SINULOG, ISYAGIT UG KUSOG (SHOUT IT LOUD)!

Sinulog, Isyagit ug Kusog (Shout It Loud)!


Althea Ricardo gives us the lowdown on Cebu’s most popular festival.

By Althea Lauren Ricardo
August 06, 2011



Cebu's Sinulog Festival and its accompanying fluvial parade, grand mardi gras, and more may not be ‘til the third week of January, but if you're thinking of going, then I suggest you think about it now. "But it isn't until next year," you might say. "That's so far away." Not if you want to hit my hometown's (and maybe even the country's) biggest street party.

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Photo source: commons.wikimedia.org


 

I have lots of friends from Manila, other provinces, and even from other countries who often tell me they want to be in Cebu for the next Sinulog Festival. I tell them, "Let me know by September or October at the latest!" Why? This means that if anyone wants to stay with me, I can "book" my house for them against other relatives or friends who might contact me later on. After all, I only have so much space and so many spare beds, and I reckon other relatives and friends you might contact will be faced with the same dilemma if you leave it too late.

Even if you aren't staying with friends who live in the city, this still gives us time to shop around for accommodations that match your budget and standards. The closer it gets to Sinulog week, the higher the prices go.

Not decided if the Sinulog experience is one you definitely want to have? I've come up with a few frequently asked questions to help you out:

1. When is it?



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Photo by: Harry Wad


Although the main festival is held annually on the third Sunday of January, celebrations begin as early as just after New Year's. They really amp up, however, in the second weekend of January, and the events escalate all the way until Sinulog day, so you may want to come in on a Thursday or Friday to really get the feel of it.

2. What is it all about?


The Sinulog Festival honors the Christ child, or Sto. Niño, who is the patron saint of the province of Cebu. The festival focuses on dances that help us remember our tribal past (through the distinctive drum beat and steps) and our conversion to Christianity by the Spaniards, beginning when Rajah Humabon and his wife, Hara Amihan, were christened by Ferdinand Magellan in 1521. It is said that Magellan gifted Hara Amihan, rechristened Queen Juana, with an image of the Sto. Niño.

You can learn more about the history behind the Sinulog Festival from the official website [www.silulog.ph].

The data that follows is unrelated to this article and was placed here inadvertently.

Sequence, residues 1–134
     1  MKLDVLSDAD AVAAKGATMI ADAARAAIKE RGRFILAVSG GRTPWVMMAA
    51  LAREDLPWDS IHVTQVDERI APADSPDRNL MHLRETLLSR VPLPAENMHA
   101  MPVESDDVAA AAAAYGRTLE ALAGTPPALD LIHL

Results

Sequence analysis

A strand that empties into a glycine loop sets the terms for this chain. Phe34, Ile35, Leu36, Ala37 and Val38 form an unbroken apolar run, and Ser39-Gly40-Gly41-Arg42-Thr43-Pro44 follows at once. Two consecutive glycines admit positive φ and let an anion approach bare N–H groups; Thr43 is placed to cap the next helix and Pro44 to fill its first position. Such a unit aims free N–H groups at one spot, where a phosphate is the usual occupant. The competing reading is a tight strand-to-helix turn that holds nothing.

3. What happens during the festival?


The main event involves a parade that usually lasts from morning until early evening. Contingents of students and professional dancers perform the festival dance in brightly colored costumes, hoping to win the various prizes up for grabs. Also included in the parade and competition are floats, giant puppets (known as higantes), and the festival queens. The latter, dressed and made up to symbolize Queen Juana, are determined through a pageant.

There is also a Sinulog mass held at the Sto. Niño Basilica as well as a fluvial parade featuring brightly decorated boats. Once the parades and formal events end, however, you can start in on the street parties and dance the night away yourself.

Over the years, other competitions have arisen around the festival, including a photography contest, a film fest, a singing competition called Sinulog Idol, and more.

4. What do you want to experience?



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Photo by: Harry Wad


There are so many elements to the Sinulog Festival experience that it's impossible to experience it all in just one year. For one thing, the experience you get watching the parade from the grandstand is very different from the one you get at street level.

If you're not a fan of crowds and you like to know who and what you're watching at all times, you should probably go for the grand stand experience. If you want the in-the-moment feel to see the dancers up close and personal, then it's the street parade for you. Be warned, though, that this can get pretty chaotic.

5.  Who are you traveling with?


Major thoroughfares are closed to vehicles on the day of the festival. This means that if your hotel isn't on or near the parade route, you could be in for quite a walk. Beyond that, you should know that if you're planning on the street experience, you could end up standing and walking around all day. So if you're traveling with young kids, older ladies and gentlemen, and/or anyone with a disability, you'll need to factor this into your plans. Some hotels are right on the parade route, and you may be able to book rooms that look down over the parade to save yourself the trouble of walking all the way to the grandstand or hoofing it up and down the parade route until you find a good spot.

Think the festival isn't exactly your thing? If you want to visit Cebu but aren't particularly interested in Sinulog, my advice would be to wait until after the festival is over, when hotel and resort rates go back down to something more manageable.

But if you ask veteran Sinulog-goers, they will tell you the same thing: festival going is quite addicting!

 

Basta Pinas, Laag Na!

 

Althea Lauren Ricardo is a Palanca Award-winning freelance features writer and a regular columnist for The Freeman, a Cebu daily newspaper. She is working on her MFA in Creative Writing at De La Salle University while working full-time at an English training company.